Jim Blanchard’s War

Blanchard Great WarAug. 4 was the 100 year anniversary of Britain’s, and therefore Canada’s, declaration of War against Germany.

But how did it feel to go through that war in our own community? Many young men from Manitoba marched onto the troop trains in the fall of 1914–singing, cocky, even swaggering–and with absolutely no idea of what awaited them.

Jim Blanchard’s admirable book, Winnipeg’s Great War: A City Comes of Age tells us with thoroughness and restraint exactly what awaited them and how their parents and friends and the elites of the city reacted to the news from the front that was increasingly distressing after the first huge losses of April and May 1915.

First published in 2010, Blanchard’s book is receiving renewed attention because of the centennial. He weaves two separate strands together. The first is the participation of the Canadian military in the war with special emphasis on the regiments raised in Manitoba: the Fort Garry Horse, Lord Strathcona’s Horse, the Winnipeg Grenadiers, the Cameron Highlanders, the Winnipeg Rifles and others. The second strand follows the home front in Winnipeg as the realization sank in that the war would not be over by Christmas; that it would be hard fought and take years to resolve.

We have had a century to pour over the events of World War I. It would be hard to find anyone now who regards it as anything other than a catastrophe. Yet Blanchard shows that while the war was going on and well into the 1920s, Winnipeggers by and large supported the War and felt that victory had been worth the sacrifice.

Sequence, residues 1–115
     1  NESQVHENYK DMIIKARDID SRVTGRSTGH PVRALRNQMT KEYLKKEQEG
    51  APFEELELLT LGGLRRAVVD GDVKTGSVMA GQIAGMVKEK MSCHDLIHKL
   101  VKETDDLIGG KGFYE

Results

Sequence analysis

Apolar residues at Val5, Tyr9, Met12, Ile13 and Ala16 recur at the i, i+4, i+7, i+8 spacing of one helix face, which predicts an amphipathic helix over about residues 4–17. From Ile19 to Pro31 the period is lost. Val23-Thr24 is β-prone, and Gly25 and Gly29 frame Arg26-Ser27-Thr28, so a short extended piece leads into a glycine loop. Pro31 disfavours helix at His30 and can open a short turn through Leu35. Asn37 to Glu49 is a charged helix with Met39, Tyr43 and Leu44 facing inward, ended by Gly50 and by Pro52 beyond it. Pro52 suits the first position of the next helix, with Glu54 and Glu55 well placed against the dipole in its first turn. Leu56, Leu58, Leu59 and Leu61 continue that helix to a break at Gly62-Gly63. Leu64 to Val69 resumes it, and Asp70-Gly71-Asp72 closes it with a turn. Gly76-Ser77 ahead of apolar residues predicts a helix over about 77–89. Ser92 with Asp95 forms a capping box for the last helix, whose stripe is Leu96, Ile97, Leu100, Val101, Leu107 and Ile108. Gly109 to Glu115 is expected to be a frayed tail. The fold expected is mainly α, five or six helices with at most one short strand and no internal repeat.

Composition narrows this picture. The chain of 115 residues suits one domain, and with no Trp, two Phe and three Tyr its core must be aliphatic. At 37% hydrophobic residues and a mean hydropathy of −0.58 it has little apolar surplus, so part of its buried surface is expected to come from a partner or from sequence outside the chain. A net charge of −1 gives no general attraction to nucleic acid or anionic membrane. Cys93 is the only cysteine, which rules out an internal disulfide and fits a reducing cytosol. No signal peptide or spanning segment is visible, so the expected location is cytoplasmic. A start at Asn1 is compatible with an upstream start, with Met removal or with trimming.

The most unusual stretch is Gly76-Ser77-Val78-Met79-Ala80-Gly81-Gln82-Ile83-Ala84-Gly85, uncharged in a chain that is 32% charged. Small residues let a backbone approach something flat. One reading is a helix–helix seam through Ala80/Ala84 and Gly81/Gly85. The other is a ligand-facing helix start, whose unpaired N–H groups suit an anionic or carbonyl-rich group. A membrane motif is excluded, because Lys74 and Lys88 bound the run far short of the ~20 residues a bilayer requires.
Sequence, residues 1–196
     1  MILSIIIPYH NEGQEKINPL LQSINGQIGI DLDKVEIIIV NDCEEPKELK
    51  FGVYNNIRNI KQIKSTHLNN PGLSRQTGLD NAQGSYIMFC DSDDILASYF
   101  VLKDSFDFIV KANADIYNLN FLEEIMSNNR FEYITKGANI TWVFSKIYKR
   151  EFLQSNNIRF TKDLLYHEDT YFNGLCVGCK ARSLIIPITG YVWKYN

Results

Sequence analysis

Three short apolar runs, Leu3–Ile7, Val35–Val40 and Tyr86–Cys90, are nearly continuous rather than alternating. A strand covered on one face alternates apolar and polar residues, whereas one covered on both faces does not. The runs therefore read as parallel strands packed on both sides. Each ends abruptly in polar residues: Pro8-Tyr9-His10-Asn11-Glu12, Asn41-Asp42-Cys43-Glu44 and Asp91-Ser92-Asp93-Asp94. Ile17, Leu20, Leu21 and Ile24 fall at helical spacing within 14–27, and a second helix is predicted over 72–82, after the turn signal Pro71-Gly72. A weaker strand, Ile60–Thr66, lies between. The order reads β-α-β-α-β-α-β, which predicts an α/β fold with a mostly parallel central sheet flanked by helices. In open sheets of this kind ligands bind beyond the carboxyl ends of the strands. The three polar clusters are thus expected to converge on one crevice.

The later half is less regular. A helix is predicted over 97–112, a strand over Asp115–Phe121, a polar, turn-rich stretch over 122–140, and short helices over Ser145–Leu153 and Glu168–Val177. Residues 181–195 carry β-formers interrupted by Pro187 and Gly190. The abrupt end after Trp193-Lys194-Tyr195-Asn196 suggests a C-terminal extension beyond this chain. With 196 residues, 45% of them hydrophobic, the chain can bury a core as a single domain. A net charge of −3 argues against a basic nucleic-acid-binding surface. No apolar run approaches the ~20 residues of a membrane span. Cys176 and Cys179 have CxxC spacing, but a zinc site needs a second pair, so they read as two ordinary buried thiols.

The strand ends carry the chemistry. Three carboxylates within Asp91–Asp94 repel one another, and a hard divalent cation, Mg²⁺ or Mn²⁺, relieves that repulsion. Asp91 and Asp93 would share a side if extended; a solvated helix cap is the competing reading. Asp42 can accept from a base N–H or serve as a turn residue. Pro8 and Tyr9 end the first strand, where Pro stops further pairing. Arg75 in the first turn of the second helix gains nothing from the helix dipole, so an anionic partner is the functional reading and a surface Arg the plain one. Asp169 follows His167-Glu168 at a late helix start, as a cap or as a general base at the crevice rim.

Winnipeg’s business class funded regiments, raised millions of dollars, provided the first Returned Soldier’s Association in the country, and stoically waved their sons and daughters off to war. The book is particularly strong on the contribution made by women in those efforts and as nurses closer to the action. Yet the ample quotations from letters, diaries and newspaper reports are what really bring the war experience to a 21st century reader. Alec Waugh writes angrily from the front about his friends who are able-bodied but have not yet enlisted. A returned wounded man tells a newspaper reporter about the image of a particular German he shot, how that image repeats over and over in his mind. Private George Macleod, who lived the next street over from where I now live, is one of many listed as wounded from other familiar streets in a newspaper casualty list.

The book’s subtitle, “A City Comes of Age,” can be read several ways, as Blanchard surely intended. It was a hard and bitter coming of age, during which people simply had to hang on to the belief that their sacrifices were worthwhile or they could not have done the things necessary to bring the war to an end.

Winnipeg’s Great War: A City Comes of Age is available at McNally Robinson, Chapters and Amazon.ca